A new study from Ekant Veer at the University of Auckland highlights the importance of distinguishing between educational approaches and motivational ones in developing messages for a particular target audience. While social marketing does not equal public education, sometimes you need to raise awareness and educate people about an issue before they can move to the next stage of behavior change.
The study, designed to identify the most effective approaches to prompt overweight children to want to lose weight, tested two types of messages — educational and motivational. The research first identified four distinct groups within the high school population, as described by Veer:
“Firstly we have those who are ‘Unaware and Don’t Care’,” he says. “This group know that they are not their ideal size, but don’t think about weight loss enough. However, subconsciously they want to lose weight.
“Then there are the ‘Blissfully Unaware’ who don’t think about their size and, when prompted, say they are happy with the way they look. This group subconsciously doesn’t want to lose weight.
“Our third group is students who are ‘Ready to Go’. They don’t like their current size and are consciously looking to lose weight.
“Finally we have the ‘Beautifully Big’ who love the size they are and consciously do not want to lose weight.”
Not surprisingly, each group responded uniquely to the different approaches, when shown advertisements designed with the two types of messages. Here are the results:
“Students in the ‘Blissfully Unaware’ group were 30 percent more likely to lose weight when they were shown both types of advertisements rather than just an educational one. ‘Beautifully Big’ students were 15 percent more likely to respond to the educational advert than the motivational one.
“The differences weren’t so marked for the ‘Unaware and Don’t Care’ students who showed a slight preference for the motivational advertisements.
“As expected, the students in the ‘Ready to Go’ category were 22 percent more likely to lose weight than the other groups, and had no preference for either type of advertisement. This is probably because they had already made the conscious decision to lose weight and advertising was unlikely to increase their desire. Most important for this group is that they have access to feasible and effective weight loss programmes.”
Overweight high school students are not a monolithic market segment. Beyond their demographics and medical stats, good social marketing research identifies the key attitudinal and behavioral characteristics that determine how the audience will respond to a given approach. What do they think about their weight? Do they want to lose weight? Have they tried losing weight on their own? What do they need in order to help them move to the next step on the path toward behavior change?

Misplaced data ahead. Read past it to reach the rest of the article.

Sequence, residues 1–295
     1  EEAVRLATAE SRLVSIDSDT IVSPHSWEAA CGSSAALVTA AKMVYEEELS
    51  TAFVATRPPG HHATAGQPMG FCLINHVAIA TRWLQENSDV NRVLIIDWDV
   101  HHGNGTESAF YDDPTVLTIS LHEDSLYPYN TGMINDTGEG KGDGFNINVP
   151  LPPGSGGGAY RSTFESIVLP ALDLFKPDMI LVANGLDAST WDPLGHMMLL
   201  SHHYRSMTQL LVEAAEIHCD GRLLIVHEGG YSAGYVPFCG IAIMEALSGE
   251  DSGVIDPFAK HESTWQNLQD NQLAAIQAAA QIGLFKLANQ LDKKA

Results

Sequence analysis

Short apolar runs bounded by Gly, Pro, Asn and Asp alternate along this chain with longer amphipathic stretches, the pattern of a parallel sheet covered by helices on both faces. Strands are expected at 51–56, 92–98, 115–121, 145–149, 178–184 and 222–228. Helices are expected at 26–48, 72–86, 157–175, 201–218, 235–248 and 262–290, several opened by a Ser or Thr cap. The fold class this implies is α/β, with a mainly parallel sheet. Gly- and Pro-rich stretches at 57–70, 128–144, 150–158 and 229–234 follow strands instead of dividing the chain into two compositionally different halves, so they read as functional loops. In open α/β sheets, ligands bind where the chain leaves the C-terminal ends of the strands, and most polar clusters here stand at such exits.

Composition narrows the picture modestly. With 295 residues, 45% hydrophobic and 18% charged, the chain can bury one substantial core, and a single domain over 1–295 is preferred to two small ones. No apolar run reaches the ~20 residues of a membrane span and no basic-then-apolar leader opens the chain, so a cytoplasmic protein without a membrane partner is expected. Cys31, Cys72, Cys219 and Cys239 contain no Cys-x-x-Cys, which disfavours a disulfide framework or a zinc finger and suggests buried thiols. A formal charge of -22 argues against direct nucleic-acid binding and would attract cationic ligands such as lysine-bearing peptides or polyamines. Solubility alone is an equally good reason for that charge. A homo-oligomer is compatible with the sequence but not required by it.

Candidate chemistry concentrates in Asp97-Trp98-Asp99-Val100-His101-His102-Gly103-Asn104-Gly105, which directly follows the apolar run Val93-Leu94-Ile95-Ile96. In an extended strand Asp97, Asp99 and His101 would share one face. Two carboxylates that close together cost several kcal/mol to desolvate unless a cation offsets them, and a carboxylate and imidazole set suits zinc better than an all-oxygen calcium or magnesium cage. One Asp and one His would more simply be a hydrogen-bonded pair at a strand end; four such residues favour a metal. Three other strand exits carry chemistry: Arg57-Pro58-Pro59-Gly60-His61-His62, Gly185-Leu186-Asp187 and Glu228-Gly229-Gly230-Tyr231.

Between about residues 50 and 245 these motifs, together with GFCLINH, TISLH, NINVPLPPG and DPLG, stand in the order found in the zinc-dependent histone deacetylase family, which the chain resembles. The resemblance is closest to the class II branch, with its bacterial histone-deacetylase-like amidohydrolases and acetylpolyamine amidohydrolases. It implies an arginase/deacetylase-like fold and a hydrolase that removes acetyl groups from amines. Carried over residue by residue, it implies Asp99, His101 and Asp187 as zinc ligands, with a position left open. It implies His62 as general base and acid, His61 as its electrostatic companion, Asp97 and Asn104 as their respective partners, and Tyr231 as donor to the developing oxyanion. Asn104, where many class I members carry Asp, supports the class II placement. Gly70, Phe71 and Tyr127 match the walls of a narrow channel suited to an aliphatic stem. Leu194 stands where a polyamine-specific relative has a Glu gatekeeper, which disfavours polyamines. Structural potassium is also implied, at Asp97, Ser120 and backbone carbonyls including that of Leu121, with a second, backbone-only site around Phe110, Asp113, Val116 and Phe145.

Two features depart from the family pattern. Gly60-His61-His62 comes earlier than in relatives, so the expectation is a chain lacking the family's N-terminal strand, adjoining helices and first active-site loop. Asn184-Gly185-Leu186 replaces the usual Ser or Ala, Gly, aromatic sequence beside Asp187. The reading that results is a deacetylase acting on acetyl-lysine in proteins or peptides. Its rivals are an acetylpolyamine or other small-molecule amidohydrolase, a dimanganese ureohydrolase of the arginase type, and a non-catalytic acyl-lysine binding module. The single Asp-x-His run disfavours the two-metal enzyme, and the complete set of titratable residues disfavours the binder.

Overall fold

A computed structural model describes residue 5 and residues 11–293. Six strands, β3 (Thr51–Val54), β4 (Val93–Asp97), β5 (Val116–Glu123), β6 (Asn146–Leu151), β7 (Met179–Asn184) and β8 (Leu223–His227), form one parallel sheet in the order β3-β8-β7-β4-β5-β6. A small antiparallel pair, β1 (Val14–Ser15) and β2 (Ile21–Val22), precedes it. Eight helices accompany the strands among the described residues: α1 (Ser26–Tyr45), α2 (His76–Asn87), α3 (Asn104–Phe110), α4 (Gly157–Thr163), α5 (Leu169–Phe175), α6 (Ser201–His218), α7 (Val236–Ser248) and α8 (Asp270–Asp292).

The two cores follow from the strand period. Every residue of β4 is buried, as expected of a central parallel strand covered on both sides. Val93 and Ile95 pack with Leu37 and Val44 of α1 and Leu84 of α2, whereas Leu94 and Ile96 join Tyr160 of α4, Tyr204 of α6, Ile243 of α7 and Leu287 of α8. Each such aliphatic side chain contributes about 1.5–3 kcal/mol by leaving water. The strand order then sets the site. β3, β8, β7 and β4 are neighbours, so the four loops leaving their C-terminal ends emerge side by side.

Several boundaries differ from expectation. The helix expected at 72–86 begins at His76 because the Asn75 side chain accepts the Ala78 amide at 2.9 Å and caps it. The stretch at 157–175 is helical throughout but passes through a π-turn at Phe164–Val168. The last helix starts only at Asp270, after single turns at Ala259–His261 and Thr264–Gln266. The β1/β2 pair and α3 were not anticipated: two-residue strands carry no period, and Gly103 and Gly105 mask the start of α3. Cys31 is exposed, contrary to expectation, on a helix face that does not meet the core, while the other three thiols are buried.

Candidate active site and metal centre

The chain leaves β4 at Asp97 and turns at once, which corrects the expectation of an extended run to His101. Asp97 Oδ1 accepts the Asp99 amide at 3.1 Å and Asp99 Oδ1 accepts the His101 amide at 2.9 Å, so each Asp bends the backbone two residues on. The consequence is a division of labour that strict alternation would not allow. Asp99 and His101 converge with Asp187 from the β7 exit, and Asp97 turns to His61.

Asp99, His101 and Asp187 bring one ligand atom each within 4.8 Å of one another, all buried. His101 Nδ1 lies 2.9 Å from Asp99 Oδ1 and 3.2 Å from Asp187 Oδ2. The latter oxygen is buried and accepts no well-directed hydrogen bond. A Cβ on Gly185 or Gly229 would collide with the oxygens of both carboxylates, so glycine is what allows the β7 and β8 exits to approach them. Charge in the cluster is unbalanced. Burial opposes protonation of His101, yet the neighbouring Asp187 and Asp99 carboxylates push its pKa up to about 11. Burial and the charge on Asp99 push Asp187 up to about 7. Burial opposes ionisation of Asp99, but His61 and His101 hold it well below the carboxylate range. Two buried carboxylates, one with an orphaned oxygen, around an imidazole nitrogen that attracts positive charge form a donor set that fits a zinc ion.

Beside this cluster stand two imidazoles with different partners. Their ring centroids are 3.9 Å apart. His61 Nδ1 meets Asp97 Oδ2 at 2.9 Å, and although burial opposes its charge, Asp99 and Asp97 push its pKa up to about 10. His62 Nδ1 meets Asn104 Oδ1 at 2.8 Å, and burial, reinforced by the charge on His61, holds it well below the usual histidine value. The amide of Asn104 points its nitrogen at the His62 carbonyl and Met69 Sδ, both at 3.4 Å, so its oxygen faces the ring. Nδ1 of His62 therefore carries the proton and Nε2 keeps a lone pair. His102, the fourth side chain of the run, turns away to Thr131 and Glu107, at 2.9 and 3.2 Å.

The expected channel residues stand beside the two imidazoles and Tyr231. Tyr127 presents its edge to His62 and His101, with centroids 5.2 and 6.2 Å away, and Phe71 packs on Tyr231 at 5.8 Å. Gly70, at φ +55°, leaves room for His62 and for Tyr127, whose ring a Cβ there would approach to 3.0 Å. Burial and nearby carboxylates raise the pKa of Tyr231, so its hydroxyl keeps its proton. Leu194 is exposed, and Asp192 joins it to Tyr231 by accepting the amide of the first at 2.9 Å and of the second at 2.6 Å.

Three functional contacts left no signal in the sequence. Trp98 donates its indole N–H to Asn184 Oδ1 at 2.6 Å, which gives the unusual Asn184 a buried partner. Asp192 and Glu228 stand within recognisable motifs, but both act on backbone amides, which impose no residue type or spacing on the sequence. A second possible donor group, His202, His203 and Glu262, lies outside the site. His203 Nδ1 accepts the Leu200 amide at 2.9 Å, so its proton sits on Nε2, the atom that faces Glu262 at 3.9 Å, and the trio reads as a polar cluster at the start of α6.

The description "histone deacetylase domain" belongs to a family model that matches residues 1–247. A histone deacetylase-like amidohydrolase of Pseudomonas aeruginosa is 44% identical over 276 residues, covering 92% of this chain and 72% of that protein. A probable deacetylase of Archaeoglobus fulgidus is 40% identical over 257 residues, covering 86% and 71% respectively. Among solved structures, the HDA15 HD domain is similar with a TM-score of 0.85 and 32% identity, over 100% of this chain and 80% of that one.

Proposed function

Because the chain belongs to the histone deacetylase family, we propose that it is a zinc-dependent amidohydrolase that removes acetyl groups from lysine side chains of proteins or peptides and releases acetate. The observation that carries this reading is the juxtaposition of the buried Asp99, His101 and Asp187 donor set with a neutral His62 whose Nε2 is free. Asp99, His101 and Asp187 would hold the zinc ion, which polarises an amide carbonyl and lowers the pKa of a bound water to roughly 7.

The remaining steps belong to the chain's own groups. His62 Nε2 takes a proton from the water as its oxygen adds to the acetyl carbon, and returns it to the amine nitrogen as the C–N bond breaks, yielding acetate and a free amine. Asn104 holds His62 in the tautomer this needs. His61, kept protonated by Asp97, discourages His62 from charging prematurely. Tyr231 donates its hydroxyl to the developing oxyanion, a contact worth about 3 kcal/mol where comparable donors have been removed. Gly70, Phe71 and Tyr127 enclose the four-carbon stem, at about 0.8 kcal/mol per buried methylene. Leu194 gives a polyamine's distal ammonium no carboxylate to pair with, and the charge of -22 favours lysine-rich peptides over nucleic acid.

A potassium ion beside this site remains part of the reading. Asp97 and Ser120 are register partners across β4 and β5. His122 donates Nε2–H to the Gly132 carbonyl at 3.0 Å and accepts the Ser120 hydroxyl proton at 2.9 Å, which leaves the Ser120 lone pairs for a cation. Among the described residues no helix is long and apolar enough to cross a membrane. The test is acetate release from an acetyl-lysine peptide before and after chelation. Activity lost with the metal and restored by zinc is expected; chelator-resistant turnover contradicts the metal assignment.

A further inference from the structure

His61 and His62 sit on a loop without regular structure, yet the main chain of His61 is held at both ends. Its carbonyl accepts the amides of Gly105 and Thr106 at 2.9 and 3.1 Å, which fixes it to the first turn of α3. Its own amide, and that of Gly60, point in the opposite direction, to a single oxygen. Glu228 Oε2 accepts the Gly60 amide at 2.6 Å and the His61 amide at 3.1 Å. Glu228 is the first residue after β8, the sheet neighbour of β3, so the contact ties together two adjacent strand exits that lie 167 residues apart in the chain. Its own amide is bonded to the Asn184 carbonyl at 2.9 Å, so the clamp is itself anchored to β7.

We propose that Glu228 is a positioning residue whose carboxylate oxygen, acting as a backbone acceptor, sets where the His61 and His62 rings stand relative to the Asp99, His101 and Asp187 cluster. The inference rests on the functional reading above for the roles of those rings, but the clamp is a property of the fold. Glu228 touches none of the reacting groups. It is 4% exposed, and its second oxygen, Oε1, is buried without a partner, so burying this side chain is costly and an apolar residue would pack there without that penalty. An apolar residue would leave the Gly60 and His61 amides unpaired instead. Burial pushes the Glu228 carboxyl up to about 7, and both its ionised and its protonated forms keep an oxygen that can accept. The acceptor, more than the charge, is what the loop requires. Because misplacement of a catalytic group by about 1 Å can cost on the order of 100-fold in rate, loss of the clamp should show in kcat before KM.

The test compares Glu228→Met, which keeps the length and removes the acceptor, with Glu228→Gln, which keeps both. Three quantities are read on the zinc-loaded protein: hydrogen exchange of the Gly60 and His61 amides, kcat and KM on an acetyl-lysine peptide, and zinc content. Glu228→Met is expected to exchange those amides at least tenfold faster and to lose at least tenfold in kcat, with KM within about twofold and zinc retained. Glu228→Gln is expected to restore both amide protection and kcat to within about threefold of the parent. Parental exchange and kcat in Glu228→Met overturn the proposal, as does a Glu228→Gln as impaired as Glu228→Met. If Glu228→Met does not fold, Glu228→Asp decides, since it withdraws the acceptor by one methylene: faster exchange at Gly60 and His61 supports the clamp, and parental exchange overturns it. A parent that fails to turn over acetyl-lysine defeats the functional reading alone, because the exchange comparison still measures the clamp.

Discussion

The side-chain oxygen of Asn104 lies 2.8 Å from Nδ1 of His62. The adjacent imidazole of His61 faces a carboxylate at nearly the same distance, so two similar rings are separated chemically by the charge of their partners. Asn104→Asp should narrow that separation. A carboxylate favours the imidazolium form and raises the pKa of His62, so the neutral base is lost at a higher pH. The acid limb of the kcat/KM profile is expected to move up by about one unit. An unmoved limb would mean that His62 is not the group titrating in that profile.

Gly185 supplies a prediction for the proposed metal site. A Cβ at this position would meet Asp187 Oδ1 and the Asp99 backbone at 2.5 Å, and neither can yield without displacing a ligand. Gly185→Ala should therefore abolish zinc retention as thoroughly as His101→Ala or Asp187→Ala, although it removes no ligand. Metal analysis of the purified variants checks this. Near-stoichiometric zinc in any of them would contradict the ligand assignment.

Craig Lefebvre recently posted on what to consider as you segment your target audience for a social marketing program. He says that your segmentation scheme needs work if (among other things):
- It reads like a page from a census document.
- It is overly concerned with the consumers’ identities to the neglect of which behavioral features matter to current and potential audiences (for physical activity – what types of activities, under what circumstances, for how long, when and with whom are some of the features that can be considered).
- There is too little emphasis on the actual behaviors of the audience (these are the audience profiles where you feel all ‘warm and fuzzy’ about the audience but don’t have a clue about what they do when it comes to engaging in the target behaviors or any of the possible competitive ones).
- There are no obvious implications for how to position the desired behavior versus competing ones, what incentives to offer, what barriers to address, where and when to provide opportunities to try and/or engage in the behavior, and what promotional strategies and messages may be most relevant for the audience.
So, before everything else must come an understanding of who your target audience is and what makes them tick. Only after you know this can you determine whether an educational or motivational approach (or a combination) will work. And even then, you will still need to test the messages with the different segments of your audience to make sure you’re right.
Don’t make assumptions about who your audience is and how they will respond — they may surprise you.